Since there are unique and only partially comparable individual great philosophers, the history of philosophy is not a history of progression and telos (against Hegel), they can fluctuate in numbers even to the point of complete absence. Jaspers' idea of the eternal realm of the great philosophers is related to upholding the guiding ideal of philosophia perennis. Jaspers states,

what matters is to understand that philosophers thought and lived no less against as well as with their time, and above all within their time, and reaching beyond all time. All those methods of philosophic-historical comprehension make good, definite, yet secondary sense….the great thinkers, being humans in the world, help us coming to ourselves through the contemplation of perennial matters. [AEG 8]

Jaspers is a humanist. Hannah Arendt regarded him as one of the greatest interpreters of Immanuel Kant in the German tradition. Jaspers beholds his existential philosophy as "philosophy of reason" that is intent on seeking truth.7 He is greatly influenced by the post-Kantian thinkers Kierkegaard and Nietzsche. Another significant influence in Jaspers' life was his wife Gertrud Mayer with whom he was in an ongoing exchange with regard to his philosophical ideas and who was the first reader and critic of his writings.8 Jaspers described her to Heidegger as being indispensable to him for being able to conduct his philosophising activities at all.

Two-and-a-half decades before the publication of The Great Philosophers in 1957, the mature phase of Jaspers philosophy had already began; in 1932 he published his key work in three volumes, simply called Philosophy.9 The subtitle of the first volume is Orientation of the World, of the second one Illumination of Existence, and of the third one Metaphysics. Jaspers sought to compose a "World History of Philosophy" and dedicated up to his death a quarter of a century to it. Doubtlessly, this project was of central importance to him. In this enormous research project he had planned to elaborate six distinct approaches to the history of philosophy. Jaspers wants us to seek out "the company of the philosophers," above all the company of the great ones. With respect to this approach his principal publication is The Great Philosophers.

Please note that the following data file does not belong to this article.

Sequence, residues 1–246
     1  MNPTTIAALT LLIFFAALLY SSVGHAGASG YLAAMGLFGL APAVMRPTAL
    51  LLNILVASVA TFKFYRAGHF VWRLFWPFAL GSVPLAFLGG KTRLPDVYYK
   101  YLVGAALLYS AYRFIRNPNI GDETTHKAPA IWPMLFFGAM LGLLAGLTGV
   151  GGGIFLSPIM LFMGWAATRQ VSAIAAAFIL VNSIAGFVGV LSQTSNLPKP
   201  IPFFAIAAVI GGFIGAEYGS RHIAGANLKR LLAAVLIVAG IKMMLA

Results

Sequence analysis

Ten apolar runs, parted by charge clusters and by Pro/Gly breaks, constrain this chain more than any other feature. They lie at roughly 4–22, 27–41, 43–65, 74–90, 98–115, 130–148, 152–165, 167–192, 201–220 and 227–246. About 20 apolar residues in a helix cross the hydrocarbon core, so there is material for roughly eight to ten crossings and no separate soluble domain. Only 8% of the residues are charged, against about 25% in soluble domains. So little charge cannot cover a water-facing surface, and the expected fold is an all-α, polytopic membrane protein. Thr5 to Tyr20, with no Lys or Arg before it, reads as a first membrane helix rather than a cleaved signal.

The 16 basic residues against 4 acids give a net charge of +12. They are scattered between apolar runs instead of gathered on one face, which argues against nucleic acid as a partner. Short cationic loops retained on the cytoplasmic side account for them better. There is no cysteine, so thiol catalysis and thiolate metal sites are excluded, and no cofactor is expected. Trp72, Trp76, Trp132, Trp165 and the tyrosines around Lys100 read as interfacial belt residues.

The objective of his philosophy is moral and political change and above all to build a bulwark against totalitarianism. The responsibility of the philosopher is to seek his or her authentic self. Jaspers draws on Immanuel Kant for explaining his idea that there are two realms in reality, the realm of Dasein and the realm of Existenz. The freedom to seek Existenz needs to be actively chosen otherwise the individual remains in the realm of Dasein. Therefore, Jaspers defines philosophy as the elucidation of Existenz (Existenzerhellung). Freedom can be experienced through existence and action. Like Kierkegaard and Nietzsche, Jaspers aims to understand existential reality from within and objects to all attempts to bring thought into a unified total system. Existenz is subject to the contingencies of a constant and situated becoming. For Jaspers, all humans are able to philosophize and to enter into communication with the great philosophers. Thus, the most important task of The Great Philosophers is to facilitate access to the oeuvre of the great philosophers. Yet he goes out of his way to stress that no course book and no amount of secondary literature will ever be able to replace the direct study of the original writings of the philosophers themselves.